"The problem," said Yoo, "is that the benefits of getting the tan are immediate. But the negative effect of UV exposure is something you see at a much later point in life."
Emphasizing quality might help boost acceptance of sunless tanning products among young women, Yoo added. "One, we need to assure them that they're safe, that they won't get an allergic reaction or skin irritation. And two, we need to increase confidence that they are a convenient alternative to getting the color women want," Yoo said.
Dr. Jennifer Stein, an assistant professor of dermatology at NYU Langone Medical Center in New York City, said sunless tanning products should be only one part of a two-pronged public health message.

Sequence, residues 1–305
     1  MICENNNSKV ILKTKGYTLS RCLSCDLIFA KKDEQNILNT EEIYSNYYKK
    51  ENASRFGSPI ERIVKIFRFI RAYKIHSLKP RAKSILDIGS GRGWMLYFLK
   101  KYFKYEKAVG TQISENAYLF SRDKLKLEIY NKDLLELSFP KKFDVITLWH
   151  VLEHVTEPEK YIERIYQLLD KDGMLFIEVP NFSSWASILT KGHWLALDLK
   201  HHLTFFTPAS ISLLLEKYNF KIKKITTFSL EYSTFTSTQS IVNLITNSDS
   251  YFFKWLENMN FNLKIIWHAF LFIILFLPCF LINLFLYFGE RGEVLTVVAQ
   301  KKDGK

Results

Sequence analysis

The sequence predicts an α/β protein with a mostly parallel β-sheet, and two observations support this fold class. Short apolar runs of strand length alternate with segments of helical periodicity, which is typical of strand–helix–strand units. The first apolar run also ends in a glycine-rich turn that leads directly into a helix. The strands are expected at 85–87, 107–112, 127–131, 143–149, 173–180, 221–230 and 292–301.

"Yes, for a lot of young people who really want to look tan it's a lot safer to use one of these products than to go out and tan," she said. And some products provide a pretty realistic-looking tan, she said. "I've had patients coming into the office who I think are really tan, and it turns out to be fake," she said.
"But a better situation," Stein added, "is for there to be a cultural shift away from the desire to be tan to begin with."
The notion that tanned skin is attractive dates only to the 1920s. That perception could change, she suggested. "A good thing is that now there are a lot of actresses or models who are looking lighter and healthier and are out there without a tan," she said. "So increasingly we have more and more role models for young women who have great-looking natural skin. And that's very helpful."